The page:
“Doing good” is on the rise in communities across America. And there are lots of ways you can do it, including giving to a favorite charity, serving on a nonprofit board of directors, recycling and respecting a sustainable environment, and purchasing products that support a cause.
If “doing good” is something you like to do, it probably won’t surprise you that volunteering is up, too, with more than 1 in 4 adults reporting that they volunteer for at least one nonprofit organization, adding up to more than $173 billion in total value of annual volunteer service hours across the county.
According to recent studies, though, you’re probably doing even more volunteering than you think you are. Surprised? Here’s why:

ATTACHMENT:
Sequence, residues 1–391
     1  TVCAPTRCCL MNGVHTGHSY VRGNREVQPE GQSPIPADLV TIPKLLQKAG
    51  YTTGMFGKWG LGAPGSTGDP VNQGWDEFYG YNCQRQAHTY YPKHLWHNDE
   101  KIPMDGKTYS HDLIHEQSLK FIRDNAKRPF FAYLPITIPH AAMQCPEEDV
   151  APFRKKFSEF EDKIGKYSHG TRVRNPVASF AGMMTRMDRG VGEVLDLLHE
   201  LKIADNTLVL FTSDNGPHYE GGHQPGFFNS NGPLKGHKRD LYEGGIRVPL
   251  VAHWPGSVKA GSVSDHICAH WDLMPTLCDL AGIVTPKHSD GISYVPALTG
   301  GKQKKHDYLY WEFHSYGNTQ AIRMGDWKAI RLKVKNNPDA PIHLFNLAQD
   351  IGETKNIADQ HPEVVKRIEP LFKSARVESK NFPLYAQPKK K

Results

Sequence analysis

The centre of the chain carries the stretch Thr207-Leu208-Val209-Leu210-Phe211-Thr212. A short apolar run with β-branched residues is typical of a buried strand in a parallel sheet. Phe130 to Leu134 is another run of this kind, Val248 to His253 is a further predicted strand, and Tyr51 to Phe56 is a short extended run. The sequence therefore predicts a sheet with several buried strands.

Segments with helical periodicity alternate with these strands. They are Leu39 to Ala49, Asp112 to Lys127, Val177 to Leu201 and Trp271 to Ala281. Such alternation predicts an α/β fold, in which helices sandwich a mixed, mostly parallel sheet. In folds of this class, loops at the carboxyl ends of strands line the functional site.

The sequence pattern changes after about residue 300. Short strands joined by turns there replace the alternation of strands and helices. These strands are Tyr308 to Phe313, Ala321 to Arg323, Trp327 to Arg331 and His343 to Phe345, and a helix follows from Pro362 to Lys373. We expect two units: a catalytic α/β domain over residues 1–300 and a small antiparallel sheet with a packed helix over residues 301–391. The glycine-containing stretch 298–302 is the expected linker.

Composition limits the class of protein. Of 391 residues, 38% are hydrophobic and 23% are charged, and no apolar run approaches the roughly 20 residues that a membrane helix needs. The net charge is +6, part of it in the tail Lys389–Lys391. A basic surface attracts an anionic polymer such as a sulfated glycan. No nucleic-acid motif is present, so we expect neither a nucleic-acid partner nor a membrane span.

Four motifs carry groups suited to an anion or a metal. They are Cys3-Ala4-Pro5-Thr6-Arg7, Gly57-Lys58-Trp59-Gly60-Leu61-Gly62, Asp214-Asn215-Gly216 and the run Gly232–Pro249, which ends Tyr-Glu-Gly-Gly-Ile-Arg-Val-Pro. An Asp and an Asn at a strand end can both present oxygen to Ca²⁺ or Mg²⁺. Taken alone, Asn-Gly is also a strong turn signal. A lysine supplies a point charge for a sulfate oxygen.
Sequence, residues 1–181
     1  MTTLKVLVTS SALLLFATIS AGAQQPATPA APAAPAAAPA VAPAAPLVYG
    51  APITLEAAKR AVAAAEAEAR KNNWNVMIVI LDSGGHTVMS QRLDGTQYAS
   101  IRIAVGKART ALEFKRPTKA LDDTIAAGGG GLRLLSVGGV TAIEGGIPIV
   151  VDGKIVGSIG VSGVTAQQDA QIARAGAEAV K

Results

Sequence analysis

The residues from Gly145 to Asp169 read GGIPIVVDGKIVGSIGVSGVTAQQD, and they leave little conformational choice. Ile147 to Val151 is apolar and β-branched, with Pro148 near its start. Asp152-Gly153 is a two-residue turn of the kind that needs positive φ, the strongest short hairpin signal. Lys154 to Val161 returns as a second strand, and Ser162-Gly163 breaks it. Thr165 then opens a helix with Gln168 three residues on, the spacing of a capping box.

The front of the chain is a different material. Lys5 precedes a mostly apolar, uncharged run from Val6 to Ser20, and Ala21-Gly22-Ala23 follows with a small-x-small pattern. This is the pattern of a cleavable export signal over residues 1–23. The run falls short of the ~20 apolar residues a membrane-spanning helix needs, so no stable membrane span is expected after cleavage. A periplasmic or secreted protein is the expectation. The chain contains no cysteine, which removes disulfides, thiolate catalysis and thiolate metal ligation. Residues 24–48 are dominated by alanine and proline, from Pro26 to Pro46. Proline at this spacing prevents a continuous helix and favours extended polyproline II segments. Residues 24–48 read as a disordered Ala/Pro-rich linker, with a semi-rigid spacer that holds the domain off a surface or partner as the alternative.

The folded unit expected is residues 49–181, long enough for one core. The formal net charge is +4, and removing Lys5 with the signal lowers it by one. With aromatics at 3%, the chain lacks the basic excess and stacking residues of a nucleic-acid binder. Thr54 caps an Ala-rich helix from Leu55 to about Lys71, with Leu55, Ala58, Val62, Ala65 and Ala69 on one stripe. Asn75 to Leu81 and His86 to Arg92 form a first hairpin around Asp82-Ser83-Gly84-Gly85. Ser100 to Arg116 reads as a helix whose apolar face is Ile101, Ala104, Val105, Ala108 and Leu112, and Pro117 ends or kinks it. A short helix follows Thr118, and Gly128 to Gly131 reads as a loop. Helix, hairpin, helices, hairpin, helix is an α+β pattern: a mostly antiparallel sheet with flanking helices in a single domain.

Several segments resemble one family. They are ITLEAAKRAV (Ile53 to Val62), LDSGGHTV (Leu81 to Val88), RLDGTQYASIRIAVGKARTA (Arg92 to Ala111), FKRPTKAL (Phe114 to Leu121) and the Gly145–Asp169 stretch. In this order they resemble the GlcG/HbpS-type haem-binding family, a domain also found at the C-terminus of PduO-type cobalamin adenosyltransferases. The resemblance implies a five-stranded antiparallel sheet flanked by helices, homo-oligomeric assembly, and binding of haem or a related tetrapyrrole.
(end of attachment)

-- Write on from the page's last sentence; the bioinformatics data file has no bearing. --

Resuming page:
More than 138 million Americans (62.5 percent) engage in either formal or "informal volunteering" in their communities, which includes things like watching your neighbors’ kids, helping out friends in need with their grocery shopping, or house sitting for a colleague who is out of town.
Two-thirds (68.5 percent) of Americans share a meal with their family virtually every day.
Three out of four Americans (75.7 percent) see or hear from friends and family at least a few times a week.
Do these things count? You bet. The emerging definition of “doing good” celebrates the positive benefits of philanthropy for both the giver and the receiver. This means any activity that involves showing you care about other people is not only good for them, but also good for you. It’s called “prosocial behavior,” and studies have shown it elevates mood and improves overall health.
You’re so good! Feels good, doesn’t it?